Then he extracts the digital camera from his back pocket and records the evidence.
A woman appears, trips on the girl’s outstretched foot, recovers, speaks briefly to the girl. The lock of hair is in his way. Pushing it roughly back, he clicks again, reviews both images on the back screen, making certain, then goes to start his car in the nearby parking bay. The scent is strong in his nostrils. He flexes his muscles against the steering wheel and waits.
Helen knows she must not be late. But even as she moves to leave the girl, she knows that something serious is amiss. She runs her fingers back through her hair and addresses the girl again with practised assurance.
‘Can I do anything?’
In her particular charity work, individuals rarely surface in a definable way but a primeval instinct draws her to help the pregnant girl. She winces at the thought of entanglement. But maybe she can supply the girl’s need with her usual efficiency, perhaps even quickly, she thinks, glancing at her watch.
The girl raises her eyes slowly as if emerging from somewhere else. ‘My baby’s coming.’ Her voice is strained. ‘Can you get me to hospital?’
It is difficult to help the girl to the car – she seems conscious of nothing but increasingly frequent spasms and pain. Then her waters break over the front seat of the BMW. Helen wishes the girl’s baggy dress were of better quality cotton: thin, cheap stuff rarely absorbs to any degree.
The journey is filled with tension. The girl is hunched and awkward in her distress, clenching the door grip, beads of sweat on her forehead. Helen can see the spasm moving the girl’s hump, feels the urgency in her own quickened heartbeat. But she is ignorant of the entrance to the newly opened maternity unit, even though the road is only a few minutes’ drive away. Vital seconds are lost as she circles the site.
She dials the emergency services and receives directions on her mobile; the porters are waiting with a stretcher. A paramedic snaps, ‘Straight to delivery.’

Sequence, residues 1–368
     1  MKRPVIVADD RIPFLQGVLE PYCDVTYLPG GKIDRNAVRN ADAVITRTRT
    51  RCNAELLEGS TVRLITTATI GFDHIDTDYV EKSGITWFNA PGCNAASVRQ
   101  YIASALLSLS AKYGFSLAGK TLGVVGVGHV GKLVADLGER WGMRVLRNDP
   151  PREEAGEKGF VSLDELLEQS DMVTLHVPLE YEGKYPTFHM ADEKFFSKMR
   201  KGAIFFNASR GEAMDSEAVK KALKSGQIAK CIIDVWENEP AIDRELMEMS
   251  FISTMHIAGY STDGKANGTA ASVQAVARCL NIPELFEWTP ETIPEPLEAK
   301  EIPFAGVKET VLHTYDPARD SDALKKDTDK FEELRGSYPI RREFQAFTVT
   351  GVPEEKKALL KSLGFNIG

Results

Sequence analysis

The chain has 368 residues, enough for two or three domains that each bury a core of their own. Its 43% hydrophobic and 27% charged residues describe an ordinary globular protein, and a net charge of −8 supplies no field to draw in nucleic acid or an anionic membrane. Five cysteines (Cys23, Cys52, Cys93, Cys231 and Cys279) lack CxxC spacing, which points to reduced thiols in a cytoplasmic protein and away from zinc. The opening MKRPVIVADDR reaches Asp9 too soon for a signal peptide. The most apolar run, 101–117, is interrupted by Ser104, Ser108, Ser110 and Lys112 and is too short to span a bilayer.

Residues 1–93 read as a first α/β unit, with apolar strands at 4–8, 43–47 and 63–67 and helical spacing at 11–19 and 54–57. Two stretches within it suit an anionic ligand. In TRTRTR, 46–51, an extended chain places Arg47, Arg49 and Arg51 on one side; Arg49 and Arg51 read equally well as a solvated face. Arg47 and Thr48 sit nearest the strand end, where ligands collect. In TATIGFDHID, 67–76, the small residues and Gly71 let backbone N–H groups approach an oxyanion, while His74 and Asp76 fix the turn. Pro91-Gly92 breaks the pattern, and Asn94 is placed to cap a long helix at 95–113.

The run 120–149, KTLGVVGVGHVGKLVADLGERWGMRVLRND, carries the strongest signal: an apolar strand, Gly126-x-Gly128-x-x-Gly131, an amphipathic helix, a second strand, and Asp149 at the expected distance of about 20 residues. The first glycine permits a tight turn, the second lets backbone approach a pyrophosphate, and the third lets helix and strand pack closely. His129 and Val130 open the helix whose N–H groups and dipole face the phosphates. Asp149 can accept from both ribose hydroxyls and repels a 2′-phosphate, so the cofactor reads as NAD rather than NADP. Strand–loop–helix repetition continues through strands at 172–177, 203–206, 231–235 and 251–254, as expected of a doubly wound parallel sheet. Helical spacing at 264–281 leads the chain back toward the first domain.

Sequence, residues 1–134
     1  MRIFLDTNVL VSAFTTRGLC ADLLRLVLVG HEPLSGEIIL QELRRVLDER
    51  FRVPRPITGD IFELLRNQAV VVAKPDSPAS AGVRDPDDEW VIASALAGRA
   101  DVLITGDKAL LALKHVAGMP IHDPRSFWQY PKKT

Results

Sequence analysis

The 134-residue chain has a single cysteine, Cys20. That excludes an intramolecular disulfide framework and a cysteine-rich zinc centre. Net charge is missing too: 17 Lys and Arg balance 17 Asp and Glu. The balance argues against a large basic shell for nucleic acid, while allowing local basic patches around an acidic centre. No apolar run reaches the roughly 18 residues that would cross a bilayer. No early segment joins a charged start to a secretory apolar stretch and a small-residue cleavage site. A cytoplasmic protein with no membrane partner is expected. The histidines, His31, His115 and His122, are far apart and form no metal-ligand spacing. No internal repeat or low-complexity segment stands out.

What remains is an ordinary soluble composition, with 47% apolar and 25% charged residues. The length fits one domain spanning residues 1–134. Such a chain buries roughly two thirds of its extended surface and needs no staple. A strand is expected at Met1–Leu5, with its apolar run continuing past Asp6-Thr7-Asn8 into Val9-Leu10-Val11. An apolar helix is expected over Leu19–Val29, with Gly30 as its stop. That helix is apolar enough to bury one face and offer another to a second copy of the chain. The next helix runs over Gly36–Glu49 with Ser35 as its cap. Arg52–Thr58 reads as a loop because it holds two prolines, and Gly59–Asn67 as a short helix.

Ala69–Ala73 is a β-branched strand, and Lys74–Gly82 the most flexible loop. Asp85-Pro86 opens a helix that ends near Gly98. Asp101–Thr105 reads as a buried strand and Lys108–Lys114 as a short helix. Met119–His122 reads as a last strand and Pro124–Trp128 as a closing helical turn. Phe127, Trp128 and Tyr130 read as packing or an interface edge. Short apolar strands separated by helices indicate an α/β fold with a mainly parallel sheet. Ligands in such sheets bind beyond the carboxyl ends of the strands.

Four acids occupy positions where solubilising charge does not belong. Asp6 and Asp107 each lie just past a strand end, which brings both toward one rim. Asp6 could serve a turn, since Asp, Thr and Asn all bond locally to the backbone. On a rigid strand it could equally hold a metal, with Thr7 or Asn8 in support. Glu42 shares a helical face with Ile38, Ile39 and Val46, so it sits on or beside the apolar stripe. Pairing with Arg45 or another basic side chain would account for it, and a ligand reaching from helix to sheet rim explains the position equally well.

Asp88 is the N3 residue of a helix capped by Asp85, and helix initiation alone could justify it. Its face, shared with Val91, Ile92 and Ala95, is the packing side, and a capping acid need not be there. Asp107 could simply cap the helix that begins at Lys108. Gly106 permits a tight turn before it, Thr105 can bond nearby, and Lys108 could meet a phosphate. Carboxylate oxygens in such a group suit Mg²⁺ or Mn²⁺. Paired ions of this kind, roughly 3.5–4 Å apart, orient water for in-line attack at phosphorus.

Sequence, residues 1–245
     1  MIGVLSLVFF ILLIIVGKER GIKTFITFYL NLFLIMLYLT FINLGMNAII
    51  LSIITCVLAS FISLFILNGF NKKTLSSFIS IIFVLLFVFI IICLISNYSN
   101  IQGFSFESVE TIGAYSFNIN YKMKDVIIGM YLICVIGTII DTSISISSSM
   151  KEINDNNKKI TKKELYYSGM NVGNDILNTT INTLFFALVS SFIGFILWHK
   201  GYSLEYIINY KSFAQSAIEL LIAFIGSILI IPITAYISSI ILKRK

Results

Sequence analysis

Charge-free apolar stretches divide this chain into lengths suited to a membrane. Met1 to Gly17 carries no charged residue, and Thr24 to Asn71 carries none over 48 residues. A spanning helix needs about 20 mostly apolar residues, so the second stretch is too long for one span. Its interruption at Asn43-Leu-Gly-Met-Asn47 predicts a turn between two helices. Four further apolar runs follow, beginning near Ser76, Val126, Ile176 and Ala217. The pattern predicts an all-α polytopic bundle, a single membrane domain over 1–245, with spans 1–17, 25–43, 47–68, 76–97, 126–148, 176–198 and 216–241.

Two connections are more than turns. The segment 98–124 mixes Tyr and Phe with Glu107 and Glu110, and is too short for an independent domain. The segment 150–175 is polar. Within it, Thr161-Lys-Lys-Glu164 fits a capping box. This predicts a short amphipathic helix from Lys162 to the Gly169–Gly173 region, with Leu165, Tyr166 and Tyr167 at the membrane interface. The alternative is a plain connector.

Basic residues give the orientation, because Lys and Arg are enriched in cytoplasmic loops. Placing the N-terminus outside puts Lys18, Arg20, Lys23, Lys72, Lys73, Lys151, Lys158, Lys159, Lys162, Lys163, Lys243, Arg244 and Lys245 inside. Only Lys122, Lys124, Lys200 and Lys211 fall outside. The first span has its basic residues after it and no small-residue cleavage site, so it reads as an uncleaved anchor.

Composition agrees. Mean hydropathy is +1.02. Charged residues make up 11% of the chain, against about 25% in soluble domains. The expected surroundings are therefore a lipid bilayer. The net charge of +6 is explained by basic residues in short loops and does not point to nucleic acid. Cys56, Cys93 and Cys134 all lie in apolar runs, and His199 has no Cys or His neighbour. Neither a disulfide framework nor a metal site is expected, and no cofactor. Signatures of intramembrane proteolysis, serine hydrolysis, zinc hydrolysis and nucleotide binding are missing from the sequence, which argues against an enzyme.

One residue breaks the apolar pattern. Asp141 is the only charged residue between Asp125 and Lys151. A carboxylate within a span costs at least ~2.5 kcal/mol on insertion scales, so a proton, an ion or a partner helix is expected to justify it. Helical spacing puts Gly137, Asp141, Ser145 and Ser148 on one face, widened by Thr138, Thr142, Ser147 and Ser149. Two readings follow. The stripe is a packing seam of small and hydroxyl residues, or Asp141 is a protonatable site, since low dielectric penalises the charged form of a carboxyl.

‘Name?’ the porters ask Helen over their shoulders as they hurry into the vestibule.
‘Carla Martin. She didn’t tell me her address.’
Carla tries to rise at the sound of her name and looks back at Helen. ‘Thanks–’ Another spasm catches her breath and strangles it. Then they are gone.
A messy business, Helen thinks, driving north through the suburbs. And now she is late for Malcolm.
The man keeps his green Fiat Uno exactly two cars behind the woman and copies her every manoeuvre. Fiats are ten a penny in every rush-hour traffic queue. He chose well. And she’ll have hospitals and babies on her mind now, not paranoid fears of being followed. While he drives, he makes a note of the BMW’s number plate on a notepad. Three, maybe four, miles pass.
He notices the cul-de-sac sign, intuitively refrains from following.
Slowing to increase the distance between him and the car in front, he cranes right as she enters the street, imprints the position of her house on his mind, calculates the number, and speeds up again, taking the next fork away from the area.
Suddenly he guffaws out loud. Today has been a lucky day – long overdue. The prey will taste good indeed after such a long fast.
He drives with one hand, his other holding the cigarette out of the window. Weed replaces drink but he still needs oxygen. This summer is too hot by far.